November 15, 2014, by Student blogger
Horn honking in China
By Nathan Cheuk, UNNC summer school student
There has been little doubt that recent years in China have been associated with an astounding rate of economic growth. Naturally, there has been, and will continue to be, an increase in the number of motorists on the roads as China continues to grow. Perhaps one of the first things any individual accustomed to life in a Western culture will notice upon arrival into China is the incredibly consistent use of car horns on the streets. In fact, it has been suggested that the car horn is used, on average, about 40 times more often in China than in Europe. But the question here is whether this seemingly ridiculous use of the horn should be considered to simply be angry, rude noise, or whether it actually holds a deeper meaning.
Coming from a Western society where the car horn is used rather conservatively and usually only in situations of emergency or as a polite reminder to the vehicle in front it may be easy to perceive the use of horns in China to be rude and unnecessary. This is understandable as in Western cultures the horn is generally associated with road rage and impatience. However, it seems that horn honking in China is not just noise at all, but in fact serves, in many cases, as a sort of medium of communication between drivers and pedestrians.
It can actually be rather useful for a foreigner to try to learn and understand the culture behind the seemingly incessant horn honking as it may very well assist them to avoid accidents on the road. Various types of honks may be heard on the streets of China and often each one carries a specific type of message. For example, a short honk can often be used by taxis to indicate to potential passengers of their presence, whereas other short combinations of honks may be to warn pedestrians of the presence of a quickly approaching vehicle. Of course, the prolonged, ear-piercing honk can usually be perceived as a rather angry and impatient gesture to try to get the vehicle in front to either get going or move out of the way. Nevertheless, it is indeed interesting to note that generally everybody in China understands and accepts their culture of honking and is part of their everyday life.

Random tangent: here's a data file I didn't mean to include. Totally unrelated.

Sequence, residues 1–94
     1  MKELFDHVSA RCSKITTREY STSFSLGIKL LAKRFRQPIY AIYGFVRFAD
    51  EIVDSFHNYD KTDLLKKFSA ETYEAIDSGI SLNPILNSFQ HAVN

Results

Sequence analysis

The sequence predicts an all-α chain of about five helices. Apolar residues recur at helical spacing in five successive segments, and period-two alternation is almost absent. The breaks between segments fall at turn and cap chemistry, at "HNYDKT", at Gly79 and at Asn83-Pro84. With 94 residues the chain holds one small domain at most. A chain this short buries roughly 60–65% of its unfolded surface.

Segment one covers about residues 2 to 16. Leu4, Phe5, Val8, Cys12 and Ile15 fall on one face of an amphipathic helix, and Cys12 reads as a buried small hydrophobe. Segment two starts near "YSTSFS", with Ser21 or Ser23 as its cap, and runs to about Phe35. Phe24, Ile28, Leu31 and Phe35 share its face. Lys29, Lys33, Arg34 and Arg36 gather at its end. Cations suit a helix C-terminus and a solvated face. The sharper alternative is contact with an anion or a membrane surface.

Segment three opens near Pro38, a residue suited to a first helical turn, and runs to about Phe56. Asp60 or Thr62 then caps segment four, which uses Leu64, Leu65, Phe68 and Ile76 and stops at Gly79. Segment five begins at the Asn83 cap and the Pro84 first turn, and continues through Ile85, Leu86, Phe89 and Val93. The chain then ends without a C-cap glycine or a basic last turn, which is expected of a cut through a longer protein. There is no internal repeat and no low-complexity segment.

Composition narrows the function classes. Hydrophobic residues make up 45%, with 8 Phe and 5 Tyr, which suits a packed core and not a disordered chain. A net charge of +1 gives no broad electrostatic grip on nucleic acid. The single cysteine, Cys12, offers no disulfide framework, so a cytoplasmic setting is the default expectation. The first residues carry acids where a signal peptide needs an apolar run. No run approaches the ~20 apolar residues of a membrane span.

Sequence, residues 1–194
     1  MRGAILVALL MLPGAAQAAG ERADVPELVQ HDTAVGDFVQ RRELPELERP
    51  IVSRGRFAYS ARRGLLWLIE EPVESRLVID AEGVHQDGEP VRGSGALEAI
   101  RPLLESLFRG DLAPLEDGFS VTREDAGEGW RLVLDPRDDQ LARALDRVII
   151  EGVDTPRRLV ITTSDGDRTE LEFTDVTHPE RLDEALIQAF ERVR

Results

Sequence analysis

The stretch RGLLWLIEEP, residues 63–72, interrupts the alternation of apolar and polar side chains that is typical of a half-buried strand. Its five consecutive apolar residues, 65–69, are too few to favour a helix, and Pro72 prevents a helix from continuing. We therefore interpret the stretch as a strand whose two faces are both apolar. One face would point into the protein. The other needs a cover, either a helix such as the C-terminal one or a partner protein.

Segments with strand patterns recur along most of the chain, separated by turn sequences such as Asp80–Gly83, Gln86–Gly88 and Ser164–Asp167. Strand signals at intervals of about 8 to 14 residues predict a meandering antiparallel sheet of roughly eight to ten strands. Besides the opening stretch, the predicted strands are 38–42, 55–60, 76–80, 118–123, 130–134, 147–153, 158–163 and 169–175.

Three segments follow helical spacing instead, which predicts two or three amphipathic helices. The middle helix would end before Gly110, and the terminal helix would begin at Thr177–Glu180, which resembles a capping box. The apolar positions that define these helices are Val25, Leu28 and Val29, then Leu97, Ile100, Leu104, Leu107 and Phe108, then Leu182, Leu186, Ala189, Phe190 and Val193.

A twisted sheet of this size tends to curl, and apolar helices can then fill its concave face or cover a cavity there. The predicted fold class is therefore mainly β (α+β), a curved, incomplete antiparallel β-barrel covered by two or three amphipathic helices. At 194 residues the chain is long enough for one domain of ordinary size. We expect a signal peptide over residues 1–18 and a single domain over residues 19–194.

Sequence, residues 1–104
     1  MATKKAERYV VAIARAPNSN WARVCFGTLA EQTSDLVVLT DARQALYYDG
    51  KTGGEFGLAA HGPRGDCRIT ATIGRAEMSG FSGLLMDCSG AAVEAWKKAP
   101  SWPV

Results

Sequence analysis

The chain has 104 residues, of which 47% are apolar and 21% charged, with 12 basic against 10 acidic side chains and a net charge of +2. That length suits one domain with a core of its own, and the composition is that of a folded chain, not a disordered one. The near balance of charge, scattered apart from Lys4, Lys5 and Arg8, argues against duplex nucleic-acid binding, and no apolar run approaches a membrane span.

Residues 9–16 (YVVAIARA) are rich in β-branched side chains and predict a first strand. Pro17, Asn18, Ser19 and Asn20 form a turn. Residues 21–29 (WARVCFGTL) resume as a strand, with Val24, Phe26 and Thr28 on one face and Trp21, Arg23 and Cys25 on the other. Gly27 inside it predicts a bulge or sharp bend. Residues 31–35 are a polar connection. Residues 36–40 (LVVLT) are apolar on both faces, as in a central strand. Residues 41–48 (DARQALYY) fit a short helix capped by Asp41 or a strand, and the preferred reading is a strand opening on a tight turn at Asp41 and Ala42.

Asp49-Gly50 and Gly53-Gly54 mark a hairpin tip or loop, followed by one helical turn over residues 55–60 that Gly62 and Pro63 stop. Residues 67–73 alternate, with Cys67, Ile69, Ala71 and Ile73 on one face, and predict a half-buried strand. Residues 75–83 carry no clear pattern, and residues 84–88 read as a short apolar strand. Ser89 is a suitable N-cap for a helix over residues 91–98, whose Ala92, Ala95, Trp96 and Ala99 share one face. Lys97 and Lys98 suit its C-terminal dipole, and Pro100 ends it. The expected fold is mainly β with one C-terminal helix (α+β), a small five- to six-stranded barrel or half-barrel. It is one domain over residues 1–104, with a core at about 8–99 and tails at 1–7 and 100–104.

Curiously, the honking dialect extends not only to the length and pattern utilized, but also to the tone of the honk itself. This can be observed as it seems that people in the Middle Kingdom tend to be rather particular with the type of horn that their cars come with. Evidence of this phenomenon can be seen from cars produced by car makers such as Peugeot and Ford who have both adapted their car horns to adapt to the tastes of the Chinese people. In fact, cars don’t tend to sell as well if they do not have the appropriate horn suiting the culture of honking on the roads. Of course it is no surprise that in certain areas of China horn honking has posed a threat of noise pollution to the city. As a result, certain “No Honking” zones have been set up in an attempt to reduce this noise pollution. Areas such as Shanghai have implemented this by posting up no honking signs and threatening to issue fines for those who do so in these areas.
For someone arriving in China for the first time it may be quite the culture shock to hear such a crazy amount of horn honking, but rather than to dismiss it all as noise, it may very well be beneficial to learn at least some of the meanings behind the various tones and patterns of this strange language.